Europe is planning to get tougher on vehicle emissions.
MEPs this week said they want lower limits, a widening of gases measured and more frequent target reviews.
They are concerned about air pollution but their comments will attract criticism from vehicle makers and governments who fear for jobs while also getting pressure from environmentalists.
As air pollution is responsible for around 400,000 premature deaths in the EU yearly, Environment MEPs on Wednesday tightened up Commission plans and called for more ambitious national caps on emissions of six main pollutants, such as sulphur dioxide, particulate matter and nitrogen oxides in order to cut emissions by 70% across the EU and save €40bn in air pollution costs by 2030.
MEPs also want to include emissions reduction ceilings on mercury, and a midpoint target for most caps of 2025.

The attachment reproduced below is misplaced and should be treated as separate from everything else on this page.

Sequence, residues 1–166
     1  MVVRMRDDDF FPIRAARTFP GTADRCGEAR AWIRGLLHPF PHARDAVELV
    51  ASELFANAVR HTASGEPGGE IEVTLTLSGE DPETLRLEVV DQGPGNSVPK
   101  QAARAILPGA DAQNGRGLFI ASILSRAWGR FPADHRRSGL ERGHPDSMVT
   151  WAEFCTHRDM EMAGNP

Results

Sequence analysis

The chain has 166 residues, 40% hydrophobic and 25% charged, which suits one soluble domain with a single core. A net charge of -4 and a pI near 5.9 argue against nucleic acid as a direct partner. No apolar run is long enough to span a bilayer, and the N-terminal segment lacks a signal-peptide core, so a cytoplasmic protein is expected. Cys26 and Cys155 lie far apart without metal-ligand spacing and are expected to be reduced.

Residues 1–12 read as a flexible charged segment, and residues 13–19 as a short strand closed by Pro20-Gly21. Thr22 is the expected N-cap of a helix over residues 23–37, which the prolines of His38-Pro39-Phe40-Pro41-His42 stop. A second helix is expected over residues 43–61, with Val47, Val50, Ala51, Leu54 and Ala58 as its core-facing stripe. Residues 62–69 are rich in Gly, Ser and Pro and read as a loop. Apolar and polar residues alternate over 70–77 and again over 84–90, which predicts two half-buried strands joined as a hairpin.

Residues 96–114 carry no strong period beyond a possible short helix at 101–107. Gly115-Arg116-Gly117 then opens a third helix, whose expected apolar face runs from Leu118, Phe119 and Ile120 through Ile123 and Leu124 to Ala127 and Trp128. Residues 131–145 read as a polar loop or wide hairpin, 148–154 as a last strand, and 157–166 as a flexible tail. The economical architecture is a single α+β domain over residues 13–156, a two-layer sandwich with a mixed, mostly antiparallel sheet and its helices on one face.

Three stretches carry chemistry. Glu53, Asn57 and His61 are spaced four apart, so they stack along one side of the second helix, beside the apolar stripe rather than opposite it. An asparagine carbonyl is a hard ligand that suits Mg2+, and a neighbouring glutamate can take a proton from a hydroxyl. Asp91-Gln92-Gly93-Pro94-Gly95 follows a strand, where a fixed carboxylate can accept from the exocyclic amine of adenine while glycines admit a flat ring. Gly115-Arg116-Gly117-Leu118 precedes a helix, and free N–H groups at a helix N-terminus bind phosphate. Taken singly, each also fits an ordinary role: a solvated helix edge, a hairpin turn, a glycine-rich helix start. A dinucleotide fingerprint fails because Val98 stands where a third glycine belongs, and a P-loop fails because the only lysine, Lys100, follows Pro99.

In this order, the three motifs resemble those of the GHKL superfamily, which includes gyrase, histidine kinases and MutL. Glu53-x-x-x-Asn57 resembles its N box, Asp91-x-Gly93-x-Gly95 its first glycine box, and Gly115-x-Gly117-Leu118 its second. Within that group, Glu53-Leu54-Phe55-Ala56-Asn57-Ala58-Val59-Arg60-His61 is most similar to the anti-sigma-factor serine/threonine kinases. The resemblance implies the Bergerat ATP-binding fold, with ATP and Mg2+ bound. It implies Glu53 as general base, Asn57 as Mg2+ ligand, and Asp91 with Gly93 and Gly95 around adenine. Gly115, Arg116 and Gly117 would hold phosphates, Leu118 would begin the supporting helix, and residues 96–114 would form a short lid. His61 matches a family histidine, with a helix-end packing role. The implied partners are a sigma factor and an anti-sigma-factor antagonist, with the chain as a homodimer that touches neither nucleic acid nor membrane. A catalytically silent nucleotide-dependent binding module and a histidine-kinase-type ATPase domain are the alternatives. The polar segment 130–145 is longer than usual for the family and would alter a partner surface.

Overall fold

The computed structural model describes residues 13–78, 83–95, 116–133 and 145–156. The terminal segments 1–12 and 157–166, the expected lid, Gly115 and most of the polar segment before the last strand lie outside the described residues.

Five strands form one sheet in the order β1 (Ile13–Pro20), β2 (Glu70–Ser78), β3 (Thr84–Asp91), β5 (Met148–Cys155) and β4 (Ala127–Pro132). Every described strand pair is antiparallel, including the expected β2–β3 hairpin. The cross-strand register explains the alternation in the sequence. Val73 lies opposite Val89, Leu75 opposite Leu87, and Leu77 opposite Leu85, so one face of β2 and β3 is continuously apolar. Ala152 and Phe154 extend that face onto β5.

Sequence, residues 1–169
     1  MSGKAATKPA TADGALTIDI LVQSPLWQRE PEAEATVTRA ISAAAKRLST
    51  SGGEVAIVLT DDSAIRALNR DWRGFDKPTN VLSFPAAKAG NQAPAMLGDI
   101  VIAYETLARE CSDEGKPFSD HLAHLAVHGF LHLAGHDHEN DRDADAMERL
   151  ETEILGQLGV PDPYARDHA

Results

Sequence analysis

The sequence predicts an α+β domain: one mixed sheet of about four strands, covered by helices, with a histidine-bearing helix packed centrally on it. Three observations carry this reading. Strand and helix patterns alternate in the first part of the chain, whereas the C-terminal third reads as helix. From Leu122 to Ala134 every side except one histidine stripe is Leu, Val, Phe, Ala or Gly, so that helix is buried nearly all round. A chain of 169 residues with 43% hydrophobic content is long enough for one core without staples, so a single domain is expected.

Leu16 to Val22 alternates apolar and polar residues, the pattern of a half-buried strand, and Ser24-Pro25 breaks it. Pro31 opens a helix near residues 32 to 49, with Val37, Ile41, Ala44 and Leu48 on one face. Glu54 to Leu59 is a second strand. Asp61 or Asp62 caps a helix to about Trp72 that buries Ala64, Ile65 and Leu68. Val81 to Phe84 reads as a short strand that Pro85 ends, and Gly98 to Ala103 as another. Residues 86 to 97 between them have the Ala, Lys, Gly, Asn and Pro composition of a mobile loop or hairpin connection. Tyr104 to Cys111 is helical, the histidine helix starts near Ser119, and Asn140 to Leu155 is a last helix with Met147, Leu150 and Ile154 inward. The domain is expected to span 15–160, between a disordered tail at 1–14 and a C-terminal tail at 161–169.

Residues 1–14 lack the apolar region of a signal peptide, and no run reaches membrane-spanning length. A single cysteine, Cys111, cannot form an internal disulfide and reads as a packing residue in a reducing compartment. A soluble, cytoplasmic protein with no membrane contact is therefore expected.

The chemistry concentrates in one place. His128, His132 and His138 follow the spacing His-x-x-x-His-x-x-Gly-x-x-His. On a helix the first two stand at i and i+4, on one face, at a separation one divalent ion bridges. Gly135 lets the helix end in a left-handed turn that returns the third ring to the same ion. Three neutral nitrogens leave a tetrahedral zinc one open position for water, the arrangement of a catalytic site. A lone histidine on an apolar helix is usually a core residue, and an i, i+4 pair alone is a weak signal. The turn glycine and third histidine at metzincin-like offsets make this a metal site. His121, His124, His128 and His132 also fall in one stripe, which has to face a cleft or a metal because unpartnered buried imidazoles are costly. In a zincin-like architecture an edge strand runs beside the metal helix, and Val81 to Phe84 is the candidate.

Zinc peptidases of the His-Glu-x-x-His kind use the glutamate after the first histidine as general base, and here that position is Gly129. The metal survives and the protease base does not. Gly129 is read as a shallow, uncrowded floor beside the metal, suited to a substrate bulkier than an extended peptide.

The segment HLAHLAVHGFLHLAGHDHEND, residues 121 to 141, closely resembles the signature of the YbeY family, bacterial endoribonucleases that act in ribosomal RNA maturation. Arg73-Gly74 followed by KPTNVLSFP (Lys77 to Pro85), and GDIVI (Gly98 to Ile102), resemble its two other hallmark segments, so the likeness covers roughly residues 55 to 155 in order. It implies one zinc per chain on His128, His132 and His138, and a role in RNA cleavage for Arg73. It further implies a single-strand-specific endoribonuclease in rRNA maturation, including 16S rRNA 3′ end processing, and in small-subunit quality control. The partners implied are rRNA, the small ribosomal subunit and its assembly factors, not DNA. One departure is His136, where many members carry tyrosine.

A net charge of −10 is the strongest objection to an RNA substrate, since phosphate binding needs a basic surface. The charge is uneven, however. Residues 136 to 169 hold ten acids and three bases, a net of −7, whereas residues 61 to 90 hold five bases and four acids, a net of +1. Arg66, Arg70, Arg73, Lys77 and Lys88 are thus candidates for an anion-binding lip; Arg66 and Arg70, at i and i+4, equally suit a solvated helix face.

“The new NEC directive is the opportunity to tackle this important health issue, by putting in place the benchmarks for Member States to work towards. We cannot underestimate the benefits that would result from cleaning up the air we breathe,” said the rapporteur, Julie Girling (ECR, UK) after her report was adopted by 38 votes to 28, with 2 abstentions.
The committee wants the future national emission ceiling (NEC) directive to include caps on mercury (HG) from 2020, as well as the new caps in all member states on emissions of the air pollutants sulphur dioxide (SO2), nitrogen oxides (NOx), non-methane volatile organic compounds (NMVOC), methane (CH4) ammonia (NH3), and particulate matter (PM2,5) to be achieved by 2020 and 2030, that are proposed by the Commission. The committee stressed that more ambitious targets should be set in order to reach 2030 goals.
In order to ensure progress towards the goals set for 2030, the environment committee suggests that midpoint emissions targets for 2025 be added to the legislation. The midpoint targets would be fully binding for all pollutants, with the exception of methane.